Click to enlarge the image. Drawing by Konstantin Maler
The rapid advance of radical Islamist terrorist groups, representing a threat both for Russia and the United States, is one of the dominant trends in the Middle East at the moment.
Moscow and Washington have mostly asymmetrical interests in the region. The U.S., not to mention its allies, still remains a major buyer of Middle Eastern oil; a number of states in the region are strategic partners of the United States, having signed bilateral security and defense treaties, so there are American military bases there. Russia has none of these.
On the other hand, Moscow cooperates both with countries that have a difficult relationship with the U.S. and with some of its partners, like Turkey. On the whole, Moscow arguably does not have any vital interests in the Middle East. Accordingly, Russia and the United States do not have any serious contradictions there, even if their administrations have different takes on certain regimes and events. Hypothetically, this could create an opportunity for both countries to cooperate in the areas where they have common interests.
But what are those common interests? First and foremost, there is of course the need to fight against international terrorism and extremism. Russia and the United States both want stability in the Middle East. Even if Washington, as many believe in Russia, has actually been seeking to create “controlled chaos” in the region, I do not think this would correspond to the long-term interests of the U.S. Regime change in the countries that are hostile to (or not controlled by) Washington, would create problems for the United States, rather than advantages. When will Libya be controllable and who will control it? Not the U.S. It is no coincidence that realist American politicians, like Henry Kissinger to name but one, have criticized the country’s reckless intervention in the affairs of the regional states. But could Russia and the U.S. cooperate today to, for instance, restore stability in Libya?
However, U.S.-Russia cooperation, even in the areas of common interests, is affected by a number of constraints. The main one is the deplorable state of bilateral relations and the resulting deep mistrust between the two governments. Even once the Ukrainian crisis is settled, the situation is unlikely to change significantly. On one hand, the United States supports several Islamist groups considered “moderate” in some Arab world countries that suffer from terrorism. In turn, Russia believes these groups are almost as dangerous as the al-Nusra Front, the al-Qaeda branch operating in Syria and Lebanon. Terrorists must not be divided into “good” and “bad.” On the other hand, Washington refuses to cooperate with the Syrian government, regarded by Moscow as an important partner in the fight against terrorism.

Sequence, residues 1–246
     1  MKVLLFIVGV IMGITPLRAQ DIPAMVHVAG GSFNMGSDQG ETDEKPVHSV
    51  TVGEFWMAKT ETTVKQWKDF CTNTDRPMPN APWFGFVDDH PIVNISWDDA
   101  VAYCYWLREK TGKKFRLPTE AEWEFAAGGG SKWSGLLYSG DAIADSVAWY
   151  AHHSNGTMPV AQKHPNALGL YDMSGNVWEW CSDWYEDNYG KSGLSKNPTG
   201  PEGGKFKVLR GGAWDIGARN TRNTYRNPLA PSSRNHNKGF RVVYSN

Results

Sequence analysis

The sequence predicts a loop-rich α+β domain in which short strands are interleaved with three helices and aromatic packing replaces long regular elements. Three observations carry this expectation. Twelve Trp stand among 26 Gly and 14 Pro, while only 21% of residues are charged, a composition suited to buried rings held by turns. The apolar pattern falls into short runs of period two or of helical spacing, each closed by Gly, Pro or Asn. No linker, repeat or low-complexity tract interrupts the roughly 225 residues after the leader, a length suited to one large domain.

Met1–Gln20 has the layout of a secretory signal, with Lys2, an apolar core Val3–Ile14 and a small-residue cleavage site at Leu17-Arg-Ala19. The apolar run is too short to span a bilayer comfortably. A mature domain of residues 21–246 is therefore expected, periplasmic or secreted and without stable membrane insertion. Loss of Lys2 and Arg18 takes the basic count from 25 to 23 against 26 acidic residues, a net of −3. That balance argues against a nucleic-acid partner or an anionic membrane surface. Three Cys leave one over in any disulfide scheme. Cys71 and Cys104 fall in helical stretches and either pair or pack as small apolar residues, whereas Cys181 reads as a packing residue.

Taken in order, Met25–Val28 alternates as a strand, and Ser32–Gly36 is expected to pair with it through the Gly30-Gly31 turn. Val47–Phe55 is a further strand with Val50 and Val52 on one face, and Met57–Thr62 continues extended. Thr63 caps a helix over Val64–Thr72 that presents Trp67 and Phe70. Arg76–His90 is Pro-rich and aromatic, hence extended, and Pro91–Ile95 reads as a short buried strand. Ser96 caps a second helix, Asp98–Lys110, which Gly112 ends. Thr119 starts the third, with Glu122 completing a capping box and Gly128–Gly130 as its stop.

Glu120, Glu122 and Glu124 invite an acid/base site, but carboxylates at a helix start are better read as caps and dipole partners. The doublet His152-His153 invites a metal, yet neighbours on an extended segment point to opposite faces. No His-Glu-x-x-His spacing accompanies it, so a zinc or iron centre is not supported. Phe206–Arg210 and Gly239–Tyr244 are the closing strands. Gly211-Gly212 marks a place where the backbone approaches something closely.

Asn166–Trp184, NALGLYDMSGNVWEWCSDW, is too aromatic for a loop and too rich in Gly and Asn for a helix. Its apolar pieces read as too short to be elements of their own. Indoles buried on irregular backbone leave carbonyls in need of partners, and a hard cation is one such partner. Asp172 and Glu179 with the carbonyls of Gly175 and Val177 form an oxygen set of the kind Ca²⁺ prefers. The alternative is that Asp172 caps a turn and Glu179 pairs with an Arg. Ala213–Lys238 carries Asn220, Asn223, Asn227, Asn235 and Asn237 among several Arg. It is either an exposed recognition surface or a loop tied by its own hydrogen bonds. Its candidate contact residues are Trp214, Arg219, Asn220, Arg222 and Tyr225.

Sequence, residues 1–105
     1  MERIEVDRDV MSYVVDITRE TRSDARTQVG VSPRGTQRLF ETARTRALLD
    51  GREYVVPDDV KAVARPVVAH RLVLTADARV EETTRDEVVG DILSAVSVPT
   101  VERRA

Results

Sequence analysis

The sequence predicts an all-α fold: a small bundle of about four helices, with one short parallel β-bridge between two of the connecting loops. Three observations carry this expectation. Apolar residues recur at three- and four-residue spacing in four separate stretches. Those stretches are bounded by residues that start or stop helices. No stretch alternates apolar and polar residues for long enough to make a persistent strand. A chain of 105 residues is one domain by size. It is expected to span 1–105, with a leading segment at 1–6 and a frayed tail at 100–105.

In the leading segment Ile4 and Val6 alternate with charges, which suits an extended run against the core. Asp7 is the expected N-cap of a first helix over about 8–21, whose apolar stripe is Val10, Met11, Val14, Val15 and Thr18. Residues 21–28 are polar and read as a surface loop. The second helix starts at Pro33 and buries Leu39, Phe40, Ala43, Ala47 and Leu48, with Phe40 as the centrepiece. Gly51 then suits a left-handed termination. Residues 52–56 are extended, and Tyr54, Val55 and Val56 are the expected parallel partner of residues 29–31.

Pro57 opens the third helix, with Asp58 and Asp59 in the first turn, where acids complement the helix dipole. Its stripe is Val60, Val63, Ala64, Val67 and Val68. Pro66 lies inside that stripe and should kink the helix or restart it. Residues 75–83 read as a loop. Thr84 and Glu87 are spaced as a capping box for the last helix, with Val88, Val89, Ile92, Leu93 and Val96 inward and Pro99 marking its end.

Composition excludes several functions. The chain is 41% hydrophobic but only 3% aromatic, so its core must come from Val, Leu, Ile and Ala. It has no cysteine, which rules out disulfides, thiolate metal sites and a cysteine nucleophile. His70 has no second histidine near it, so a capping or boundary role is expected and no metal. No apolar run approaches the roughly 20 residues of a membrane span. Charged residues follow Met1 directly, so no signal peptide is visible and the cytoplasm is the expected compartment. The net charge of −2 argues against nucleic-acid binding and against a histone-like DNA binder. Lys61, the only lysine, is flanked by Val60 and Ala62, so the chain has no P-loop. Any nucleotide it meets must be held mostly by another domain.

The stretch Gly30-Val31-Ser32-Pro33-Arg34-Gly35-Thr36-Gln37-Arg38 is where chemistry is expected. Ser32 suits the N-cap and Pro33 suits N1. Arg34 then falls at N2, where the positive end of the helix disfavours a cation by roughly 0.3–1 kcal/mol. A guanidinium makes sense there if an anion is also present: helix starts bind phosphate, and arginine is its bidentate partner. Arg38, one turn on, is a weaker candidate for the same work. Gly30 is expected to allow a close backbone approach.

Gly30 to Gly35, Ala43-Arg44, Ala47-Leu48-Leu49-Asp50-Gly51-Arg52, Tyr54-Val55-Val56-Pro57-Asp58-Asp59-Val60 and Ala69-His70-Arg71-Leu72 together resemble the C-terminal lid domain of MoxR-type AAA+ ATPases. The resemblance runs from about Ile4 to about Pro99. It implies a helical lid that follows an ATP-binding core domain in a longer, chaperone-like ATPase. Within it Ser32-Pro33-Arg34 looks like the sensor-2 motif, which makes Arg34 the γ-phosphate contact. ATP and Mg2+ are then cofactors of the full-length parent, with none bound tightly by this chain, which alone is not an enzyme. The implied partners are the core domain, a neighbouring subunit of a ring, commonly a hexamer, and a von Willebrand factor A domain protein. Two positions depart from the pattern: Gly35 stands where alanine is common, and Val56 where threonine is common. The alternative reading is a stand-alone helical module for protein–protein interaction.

Even if we assume the counter-terrorism cooperation between the two countries would be advanced to a level corresponding to the threat, Russia will not be ready to join any coalition led by the United States, and the U.S. will never refuse to be the leader. Russia, which learned some valuable lessons from America’s (and its own) experience, would under no circumstances conduct military operations in the Arab countries, or even conduct airstrikes there. Moscow will in any case insist on submitting the issue to the UN Security Council (where it wields a veto – RBTH).
Nevertheless, Russia is willing to cooperate both with the West and with regional states in the fight against terrorism, preferring to work with legitimate governments. Moscow is especially concerned about the growing numbers of jihadists from Russia and Central Asia fighting for ISIS (Islamic State).
I think the need to stand together against a common threat will eventually prompt Washington and Moscow to make amends. But considering all the above-mentioned constraints, the cooperation will likely be low-profile. At best, the parties will coordinate their efforts and share relevant information, while acting on their own or, perhaps, along parallel directions. That said, even this kind of trust will be helpful for mending the rift between the countries.
Vitaly Naumkinis the director of the Institute of Oriental Studies of the Russian Academy of Sciences and a doctor of historical sciences.
First published in Russian in Kommersant.
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